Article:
Fight Imperialism, Stand Together organizer Larry Hales remarked that it has been 39 years since the murders of Black Panther members Fred Hampton and Mark Clark by Chicago police. “We don’t want to wait 39 years to observe another anniversary about Mumia. Young people today aren’t being educated about the great social movements, but they are going to be radicalized as they fight back against the conditions they face today, and they’ll come to understand the importance of raising political prisoners’ demands.”
Student and community activists in support of Mumia Abu-Jamal met on Dec. 2 in Missoula, Mont., on the campus of the University of Montana (UM) to hear Larry Hales, an International Action Center organizer, and see the film distributed by the Peoples Video Network, “The Framing of an Execution: Mumia Abu-Jamal and the Media.”
Rachael Carroll, an organizer with the Montana Human Rights Network and Montana Abolition Coalition, a statewide movement against the death penalty, also spoke. The coalition was also a sponsor of the event.
Carroll reported that the Montana component of the prison-industrial complex is part of the racist trend throughout the United States, where members of oppressed nations are imprisoned and receive death sentences far beyond their numbers in the population. She said, “American Indians in Montana are about 6 percent of the population, but Indian women comprise between 42 percent and 75 percent of all women in prison in the state. In addition, Indian men comprise more than 22 percent of both prisoners and those receiving the death penalty.”
Both Hales and Carroll spoke about the need for people to get involved in local and statewide actions against the racist death penalty as well as to support Mumia and demand that his legal lynching be stopped. Both organizers encouraged those present to follow the advice of Mumia to “Organize! Organize! Organize!”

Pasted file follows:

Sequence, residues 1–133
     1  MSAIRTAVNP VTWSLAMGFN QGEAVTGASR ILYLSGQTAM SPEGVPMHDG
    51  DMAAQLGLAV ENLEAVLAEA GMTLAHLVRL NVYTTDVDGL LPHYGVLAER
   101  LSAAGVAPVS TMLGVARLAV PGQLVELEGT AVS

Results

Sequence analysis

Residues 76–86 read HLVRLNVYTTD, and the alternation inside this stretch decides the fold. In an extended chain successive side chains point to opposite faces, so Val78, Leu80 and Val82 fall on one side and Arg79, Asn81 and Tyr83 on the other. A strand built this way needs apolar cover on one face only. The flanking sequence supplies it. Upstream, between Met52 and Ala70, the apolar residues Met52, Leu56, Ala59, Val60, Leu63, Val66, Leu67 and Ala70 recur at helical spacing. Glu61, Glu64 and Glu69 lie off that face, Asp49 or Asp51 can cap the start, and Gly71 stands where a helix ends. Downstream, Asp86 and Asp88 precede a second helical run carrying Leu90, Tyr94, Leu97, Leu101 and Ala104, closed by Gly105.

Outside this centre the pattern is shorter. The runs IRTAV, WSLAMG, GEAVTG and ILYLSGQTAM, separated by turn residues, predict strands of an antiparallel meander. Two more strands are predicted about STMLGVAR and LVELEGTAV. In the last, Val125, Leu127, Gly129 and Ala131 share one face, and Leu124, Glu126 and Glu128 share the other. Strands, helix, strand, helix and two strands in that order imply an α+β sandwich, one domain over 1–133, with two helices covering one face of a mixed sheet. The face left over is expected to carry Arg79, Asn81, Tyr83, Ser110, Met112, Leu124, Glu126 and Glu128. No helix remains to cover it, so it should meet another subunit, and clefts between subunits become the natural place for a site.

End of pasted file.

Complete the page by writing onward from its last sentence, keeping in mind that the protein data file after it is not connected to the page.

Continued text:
Elisabeth Stoeckel, a UM graduate student, chaired the meeting and represented the Social Justice Action Network, an event sponsor and a UM organization that provides social work graduate students with the opportunity to get involved with social justice activities on campus and in the community. Other UM groups supporting the event included Students for Economic and Social Justice, Students for Peace and Justice and the International Action Center in Montana.
The day before the Missoula event, activists and members of Amnesty International and the IAC gathered In Dillon, Mont., on the campus of the University of Montana Western. They heard Larry Hales speak about Mumia’s case and then engaged in a lively discussion to plan further actions in support of Mumia and the statewide movement against the death penalty in Montana.
The meetings in Missoula and Dillon were the first held in the state by the International Action Center in Montana, and are seen by state organizers of the IAC and other involved groups as stepping stones to building a statewide network to not only oppose the racist death penalty and the unjust imprisonment of oppressed and poor people, but also to engage in other political action against economic and political injustice.
Activists in the fight to free U.S. political prisoners gathered in Buffalo to watch a new video, “Fighting for Mumia’s Freedom: A Report from Philadelphia.” They also watched a CBS-produced program, “West 57th,” that told so much truth about the case of Leonard Peltier that it outraged the government when it was aired in the 1980s. A lively discussion followed.
— Ellie Dorritie
Nearly 100 people braved a snowstorm in Cleveland on Dec. 6 to protest the 27 years of wrongful imprisonment of Mumia Abu-Jamal and to recommit to the struggle for his freedom.
Abu-Jamal’s life was put in the context of J. Edgar Hoover’s war against the Black Panther Party by Abdul Qahhar, chair of the Cleveland chapter of the New Black Panther Party. Devin Branch of the Cleveland October 22 Organizing Committee described Abu-Jamal’s frame-up and the important aspects of his legal case.